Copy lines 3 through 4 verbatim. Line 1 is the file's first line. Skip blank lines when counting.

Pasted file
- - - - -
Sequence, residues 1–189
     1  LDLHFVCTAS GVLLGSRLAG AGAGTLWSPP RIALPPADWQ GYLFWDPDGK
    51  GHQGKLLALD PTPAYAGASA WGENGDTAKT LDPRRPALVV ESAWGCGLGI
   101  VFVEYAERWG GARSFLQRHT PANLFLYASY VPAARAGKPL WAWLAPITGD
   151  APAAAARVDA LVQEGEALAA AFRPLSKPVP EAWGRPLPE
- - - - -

    51  GHQGKLLALD PTPAYAGASA WGENGDTAKT LDPRRPALVV ESAWGCGLGI
   101  VFVEYAERWG GARSFLQRHT PANLFLYASY VPAARAGKPL WAWLAPITGD